She partnered with Fitbit to challenge long-held notions about what strength really means.

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Credit: Ilona Jade Photography

Like so many people, Meg Boggs was once influenced by societal ideas about what it means to be "strong." But Boggs has embraced a new definition of strength — one that everyone should be adopting.

Boggs, who is an author and athlete, has partnered with Fitbit for a campaign that's all about challenging damaging notions about what it means to be strong. "I used to think being strong meant not eating, even when I was hungry," Boggs writes in an Instagram post created for the campaign. "I thought it meant dropping a pound every single day.⁣ I thought it meant hating everything about myself, except the weight loss and the absolute starvation...I fell right into the stereotype. Be thin at all costs. I guess it's just always been the easiest way to sell fitness. And I bought into it, like most of us do."

Eventually she shifted her focus to exercise. "This worked for me for a while, but I recognized my complete disregard for everything else," Boggs tells Shape. "I wasn't prioritizing sleep or water or recovery. I was constantly finding myself powering through pain again. Except, instead of powering through starvation, I was powering through exhaustion. There was never any balance in anything I did or chose, no matter which way I would try and navigate my own recognition of strength." (Related: This Woman Is Speaking Up About Why She Finally Stopped Modifying All Her Exercises)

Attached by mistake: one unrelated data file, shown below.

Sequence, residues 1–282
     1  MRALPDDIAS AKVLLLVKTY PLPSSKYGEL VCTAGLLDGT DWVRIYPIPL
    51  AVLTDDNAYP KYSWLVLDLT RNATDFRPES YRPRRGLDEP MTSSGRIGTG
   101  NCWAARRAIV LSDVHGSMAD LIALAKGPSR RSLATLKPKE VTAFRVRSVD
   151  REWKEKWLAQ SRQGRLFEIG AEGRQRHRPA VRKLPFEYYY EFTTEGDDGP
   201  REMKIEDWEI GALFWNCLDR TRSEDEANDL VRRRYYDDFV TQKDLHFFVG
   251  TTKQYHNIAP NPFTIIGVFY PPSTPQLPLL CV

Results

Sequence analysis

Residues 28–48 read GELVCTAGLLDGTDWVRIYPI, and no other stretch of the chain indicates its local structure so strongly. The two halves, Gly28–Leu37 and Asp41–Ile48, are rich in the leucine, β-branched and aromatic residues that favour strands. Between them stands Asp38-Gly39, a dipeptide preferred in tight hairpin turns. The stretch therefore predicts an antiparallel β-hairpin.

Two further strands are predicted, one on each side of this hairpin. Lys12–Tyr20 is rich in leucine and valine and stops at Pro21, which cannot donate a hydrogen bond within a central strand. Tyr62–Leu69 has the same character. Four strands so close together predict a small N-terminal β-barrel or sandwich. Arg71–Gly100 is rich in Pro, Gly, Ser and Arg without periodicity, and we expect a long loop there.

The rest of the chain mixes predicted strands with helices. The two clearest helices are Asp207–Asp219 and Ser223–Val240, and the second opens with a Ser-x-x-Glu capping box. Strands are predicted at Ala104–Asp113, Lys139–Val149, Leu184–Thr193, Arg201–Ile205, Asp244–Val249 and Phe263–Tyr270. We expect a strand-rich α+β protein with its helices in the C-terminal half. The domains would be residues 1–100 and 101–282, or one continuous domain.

But the athlete has since set out to help undo that narrative. For Boggs, who has opened up on social media about her challenging fertility journey, her experience with PCOS, and the body-shaming she's dealt with, strength is not just about what her body can do at the gym (though that's impressive as well — see the many videos of her crushing her workouts).

In a video of Boggs created for her Fitbit partnership, negative messages flash across the screen: "You should be losing weight...You would be prettier if you lost weight...What's wrong with you?" But that last question morphs into a new query: "What's strong with you?" Boggs and Fitbit are inviting you to ask yourself that very question — and share your strengths with the hashtag #WhatsStrongWithYou. (Related: This Mom Shared Photos of Her Cellulite and Stretch Marks to Talk About Postpartum Self-Love)

This shift is overdo, believes Boggs. "Our society is obsessed with what strong LOOKS like," she says. "You [have to] have the six pack abs, the chiseled arms, the peach-shaped booty, and/or the weight loss to prove your determination and strength. It's as if that's the golden ticket, that's what sells, that's the answer to a life worth living."

These expectations can be layered, she's found. "As women, you can't look 'too strong' or else it's not feminine enough to be respected and seen as worthy to exist as a woman. Add in being a fat woman and you're not even allowed to speak about strength unless it's paired with the strength to avoid carbs. It's ridiculous. And as someone who exists in a fat body, I only ever see my body depicted as a villain, comedic relief, and/or the triumphant weight loss story — never the strong, main character with a complex story line. Her/his story only ever ends in weight loss. It's dehumanizing and leaves no room for the actual stories fat people have to tell, including the stories of strength." (Related: The 'Health at Every Size' Approach to Health Care Is Aiming to Put an End to Weight Stigma)

Boggs decided to start telling her own story, and with this campaign she's encouraging others to do the same. "For me now, being strong means thinking more about my health holistically, giving me both control and confidence to take care of my body and mind," she says. "When I'm checking in with my body, balancing activity with rest, making choices that impact me positively, and finding time for both mental and physical health, I'm at my strongest."